It’s time for another round of Weird Biology here at weird biology dot com, and this week we’ll be dipping our toes in dangerous* waters.
*Okay, you got me. it’s not actually dangerous. I just wanted people to get excited :(
Meet the wonderfully weird
(Aw, look, he’s happy to see you.)
A denizen of the deep sea, the Frilled Shark is typically found in the Atlantic and Pacific oceans anywhere from 160 - 5,000 ft deep. Despite being so widespread, Frilled Sharks are hardly ever seen by humans. (They are very shy, probably because all the other sharks make fun of them.) These bashful weirdos can reach lengths of six and a half feet and have been termed “a living fossil”, which is what Science calls something that is so absolutely weird that Science doesn’t know what to do with it.
Frilled Sharks are a wonderful anomaly in an already strange family, though they are often overshadowed by their more popular relative the Goblin Shark. But today they will be appreciated, darnit. They’re almost eel-like (the scientific term for this body type is Total Noodle Boy) and kind of hard to look at directly for long because your brain keeps rejecting what it’s seeing. (It helps if you squint.) They’re weird.
(But they own it.)
Part of the reason the Frilled Shark is such a wonderfully bizarre little slimy worm child is because they’re a member of the order Hexanchiformes. This ancient order of sharks dates back to the Jurassic, when these naughty wiggle boys were spending earth time with the Dinosaurs. This means that they share a lot of characteristics with fossil sharks, possibly more than any other shark living today. The Jurassic must have been wild.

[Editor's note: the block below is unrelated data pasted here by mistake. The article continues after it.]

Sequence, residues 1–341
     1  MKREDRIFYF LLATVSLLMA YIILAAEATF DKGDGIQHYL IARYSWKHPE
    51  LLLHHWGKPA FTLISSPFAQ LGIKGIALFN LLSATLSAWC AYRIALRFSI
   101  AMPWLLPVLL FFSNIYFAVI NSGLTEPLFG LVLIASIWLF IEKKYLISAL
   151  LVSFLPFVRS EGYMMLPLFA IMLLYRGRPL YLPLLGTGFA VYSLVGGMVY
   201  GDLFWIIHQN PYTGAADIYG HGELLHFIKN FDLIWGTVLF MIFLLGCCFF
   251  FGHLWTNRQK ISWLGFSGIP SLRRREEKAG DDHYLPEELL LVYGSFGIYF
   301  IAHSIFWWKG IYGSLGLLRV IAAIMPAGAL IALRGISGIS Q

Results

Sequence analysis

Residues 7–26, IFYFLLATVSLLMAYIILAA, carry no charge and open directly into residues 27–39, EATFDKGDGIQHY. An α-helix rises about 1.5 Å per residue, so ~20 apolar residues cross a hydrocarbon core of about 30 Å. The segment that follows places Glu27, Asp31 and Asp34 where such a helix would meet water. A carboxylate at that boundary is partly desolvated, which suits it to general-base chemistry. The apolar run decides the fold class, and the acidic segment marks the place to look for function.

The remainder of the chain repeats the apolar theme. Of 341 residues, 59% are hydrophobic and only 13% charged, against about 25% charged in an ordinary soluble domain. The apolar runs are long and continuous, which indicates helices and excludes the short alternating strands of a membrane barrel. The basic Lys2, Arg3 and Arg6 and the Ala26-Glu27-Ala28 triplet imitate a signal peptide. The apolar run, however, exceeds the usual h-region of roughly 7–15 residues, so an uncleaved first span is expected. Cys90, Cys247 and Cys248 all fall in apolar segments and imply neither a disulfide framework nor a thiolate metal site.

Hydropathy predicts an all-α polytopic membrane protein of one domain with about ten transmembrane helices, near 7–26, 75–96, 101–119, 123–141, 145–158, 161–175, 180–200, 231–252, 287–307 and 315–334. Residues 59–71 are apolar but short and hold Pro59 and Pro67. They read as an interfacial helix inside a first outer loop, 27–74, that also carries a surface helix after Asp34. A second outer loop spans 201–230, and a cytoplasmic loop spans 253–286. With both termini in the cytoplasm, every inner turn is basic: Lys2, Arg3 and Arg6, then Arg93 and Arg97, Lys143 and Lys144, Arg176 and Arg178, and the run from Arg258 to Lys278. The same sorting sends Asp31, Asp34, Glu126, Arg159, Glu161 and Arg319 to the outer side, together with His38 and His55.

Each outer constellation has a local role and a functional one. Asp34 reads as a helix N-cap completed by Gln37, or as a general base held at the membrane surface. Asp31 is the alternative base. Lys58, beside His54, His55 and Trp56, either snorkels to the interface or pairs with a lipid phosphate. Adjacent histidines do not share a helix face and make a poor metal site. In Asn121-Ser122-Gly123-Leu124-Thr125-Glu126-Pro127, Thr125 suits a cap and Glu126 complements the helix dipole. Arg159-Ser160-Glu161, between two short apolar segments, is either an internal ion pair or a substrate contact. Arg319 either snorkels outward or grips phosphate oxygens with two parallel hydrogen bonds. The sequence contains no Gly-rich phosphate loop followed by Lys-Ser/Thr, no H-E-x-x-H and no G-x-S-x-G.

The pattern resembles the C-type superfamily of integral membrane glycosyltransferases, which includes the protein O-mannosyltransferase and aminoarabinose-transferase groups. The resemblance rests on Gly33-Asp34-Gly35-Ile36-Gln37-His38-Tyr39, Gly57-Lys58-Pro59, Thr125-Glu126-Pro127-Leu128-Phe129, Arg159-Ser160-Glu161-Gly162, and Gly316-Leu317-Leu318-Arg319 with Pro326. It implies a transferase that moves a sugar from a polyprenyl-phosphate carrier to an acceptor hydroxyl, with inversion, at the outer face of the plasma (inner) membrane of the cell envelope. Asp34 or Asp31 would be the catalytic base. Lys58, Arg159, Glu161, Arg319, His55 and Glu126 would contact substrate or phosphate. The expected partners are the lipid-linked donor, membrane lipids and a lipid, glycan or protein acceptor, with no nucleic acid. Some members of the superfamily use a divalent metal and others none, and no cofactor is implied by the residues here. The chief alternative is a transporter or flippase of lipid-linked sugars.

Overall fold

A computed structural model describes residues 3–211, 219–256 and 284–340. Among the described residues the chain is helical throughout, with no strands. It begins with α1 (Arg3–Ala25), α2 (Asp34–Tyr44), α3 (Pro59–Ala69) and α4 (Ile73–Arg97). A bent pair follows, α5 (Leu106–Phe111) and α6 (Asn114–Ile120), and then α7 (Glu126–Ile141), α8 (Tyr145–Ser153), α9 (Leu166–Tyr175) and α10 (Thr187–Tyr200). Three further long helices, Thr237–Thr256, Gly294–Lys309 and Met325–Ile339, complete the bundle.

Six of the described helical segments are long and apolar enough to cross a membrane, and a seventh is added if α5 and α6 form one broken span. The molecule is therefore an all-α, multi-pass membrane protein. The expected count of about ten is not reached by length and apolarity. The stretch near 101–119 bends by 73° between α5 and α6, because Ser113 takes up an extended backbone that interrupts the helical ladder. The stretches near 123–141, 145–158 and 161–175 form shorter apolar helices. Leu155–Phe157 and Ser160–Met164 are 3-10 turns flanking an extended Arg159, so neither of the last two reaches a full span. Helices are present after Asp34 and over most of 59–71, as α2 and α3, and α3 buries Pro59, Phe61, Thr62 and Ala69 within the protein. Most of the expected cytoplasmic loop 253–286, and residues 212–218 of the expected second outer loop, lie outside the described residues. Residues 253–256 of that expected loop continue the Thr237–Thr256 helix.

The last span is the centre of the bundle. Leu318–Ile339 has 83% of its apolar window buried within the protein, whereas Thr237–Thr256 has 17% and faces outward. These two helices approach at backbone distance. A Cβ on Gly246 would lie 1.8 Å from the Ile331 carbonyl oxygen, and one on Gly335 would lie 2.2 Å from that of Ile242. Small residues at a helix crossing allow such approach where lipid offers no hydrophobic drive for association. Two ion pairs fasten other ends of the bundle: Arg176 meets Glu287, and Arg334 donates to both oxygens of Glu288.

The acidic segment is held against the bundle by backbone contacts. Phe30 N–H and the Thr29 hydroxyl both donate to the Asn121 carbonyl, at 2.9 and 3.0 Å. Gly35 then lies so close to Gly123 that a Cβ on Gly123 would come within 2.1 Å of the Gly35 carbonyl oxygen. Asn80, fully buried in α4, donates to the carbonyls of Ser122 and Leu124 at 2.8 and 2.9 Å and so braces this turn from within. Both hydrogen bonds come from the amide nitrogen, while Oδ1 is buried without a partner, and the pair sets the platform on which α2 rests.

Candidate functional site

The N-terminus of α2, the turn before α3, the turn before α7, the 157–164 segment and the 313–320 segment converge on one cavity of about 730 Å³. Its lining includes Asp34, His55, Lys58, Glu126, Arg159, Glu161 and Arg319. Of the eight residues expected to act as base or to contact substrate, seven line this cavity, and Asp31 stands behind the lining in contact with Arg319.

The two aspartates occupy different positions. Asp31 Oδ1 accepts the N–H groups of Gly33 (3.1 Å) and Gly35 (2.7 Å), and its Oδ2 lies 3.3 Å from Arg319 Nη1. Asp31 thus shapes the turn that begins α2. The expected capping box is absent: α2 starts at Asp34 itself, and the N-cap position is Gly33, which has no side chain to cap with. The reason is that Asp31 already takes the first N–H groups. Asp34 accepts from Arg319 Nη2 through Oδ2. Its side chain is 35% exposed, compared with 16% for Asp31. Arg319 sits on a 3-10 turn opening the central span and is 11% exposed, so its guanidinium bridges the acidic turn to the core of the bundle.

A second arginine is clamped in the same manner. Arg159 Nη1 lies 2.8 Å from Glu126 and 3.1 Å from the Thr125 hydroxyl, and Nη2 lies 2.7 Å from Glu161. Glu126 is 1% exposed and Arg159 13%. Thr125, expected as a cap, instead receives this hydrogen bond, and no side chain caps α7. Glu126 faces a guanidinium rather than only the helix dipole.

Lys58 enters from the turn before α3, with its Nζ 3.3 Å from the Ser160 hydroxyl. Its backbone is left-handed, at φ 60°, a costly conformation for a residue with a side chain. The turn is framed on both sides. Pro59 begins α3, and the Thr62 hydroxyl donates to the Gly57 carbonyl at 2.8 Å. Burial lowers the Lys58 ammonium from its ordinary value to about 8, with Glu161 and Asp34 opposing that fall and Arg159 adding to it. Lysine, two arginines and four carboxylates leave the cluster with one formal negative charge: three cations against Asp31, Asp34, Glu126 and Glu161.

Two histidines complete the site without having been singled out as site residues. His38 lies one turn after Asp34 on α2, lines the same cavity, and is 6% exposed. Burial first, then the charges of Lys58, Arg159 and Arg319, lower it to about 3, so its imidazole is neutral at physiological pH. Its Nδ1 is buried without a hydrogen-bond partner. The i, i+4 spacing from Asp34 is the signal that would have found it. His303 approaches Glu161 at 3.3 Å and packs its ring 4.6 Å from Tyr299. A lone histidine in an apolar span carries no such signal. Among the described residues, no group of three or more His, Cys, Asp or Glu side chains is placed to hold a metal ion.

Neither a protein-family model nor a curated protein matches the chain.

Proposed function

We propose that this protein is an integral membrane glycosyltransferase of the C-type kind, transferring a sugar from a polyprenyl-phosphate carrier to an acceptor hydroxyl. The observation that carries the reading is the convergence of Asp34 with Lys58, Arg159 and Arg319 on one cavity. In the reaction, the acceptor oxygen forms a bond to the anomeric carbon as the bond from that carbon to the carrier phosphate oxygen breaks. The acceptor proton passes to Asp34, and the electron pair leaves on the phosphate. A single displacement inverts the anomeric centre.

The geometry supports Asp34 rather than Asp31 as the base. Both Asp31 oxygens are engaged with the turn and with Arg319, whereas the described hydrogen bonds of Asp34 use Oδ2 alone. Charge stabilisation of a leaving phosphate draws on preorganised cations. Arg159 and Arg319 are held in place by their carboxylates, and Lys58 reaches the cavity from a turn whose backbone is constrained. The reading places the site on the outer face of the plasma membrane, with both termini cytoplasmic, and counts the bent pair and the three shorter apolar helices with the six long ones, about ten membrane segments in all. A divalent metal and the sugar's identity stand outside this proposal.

I previously described these squirmy tube men as “eel-like”, but that’s not entirely correct. I should have said “possesses large quantity of snakeitude”. It is thought that Frilled Sharks hunt by coiling themselves and striking at prey (like a cobra), using their multiple rows of rear-facing teeth to rip into their unfortunate victim and swallowing it whole. (NOT like… actually no, cobras do that too. Yeegh.) That’s pretty impressive, since these awkward slime pals will eat anything from fish to squid to other sharks. In fact, those awful awful jaws have such a wide gape that the shark is able to swallow meals up to half its own size in one go.
Another fun fact about the Frilled Shark is that they are viviparous, meaning they carry their kids around internally and give live birth like respectable vertebrates. Many sharks do this, but these wobbly slither friends have one stand-out factor that sets them apart from the pack. They have the longest pregnancy of any known vertebrate! Are you ready for this? (You’re not ready for this.) It’s 3.5 YEARS. YEARS. (No, we have no idea why this is. just be glad you aren’t a Frilled Shark.)
These wriggly danger tubes are occasionally caught as bycatch by the fishing industry, but they seem to be doing okay for now. (I’m glad, because I love them.) It is our that hope the Frilled Shark will continue to awkwardly writhe around in the world’s oceans for a long, long time.
1. Citron, Wikimedia Commons
2. OpenCage, Wikimedia Commons
3. Ibolya, Flickr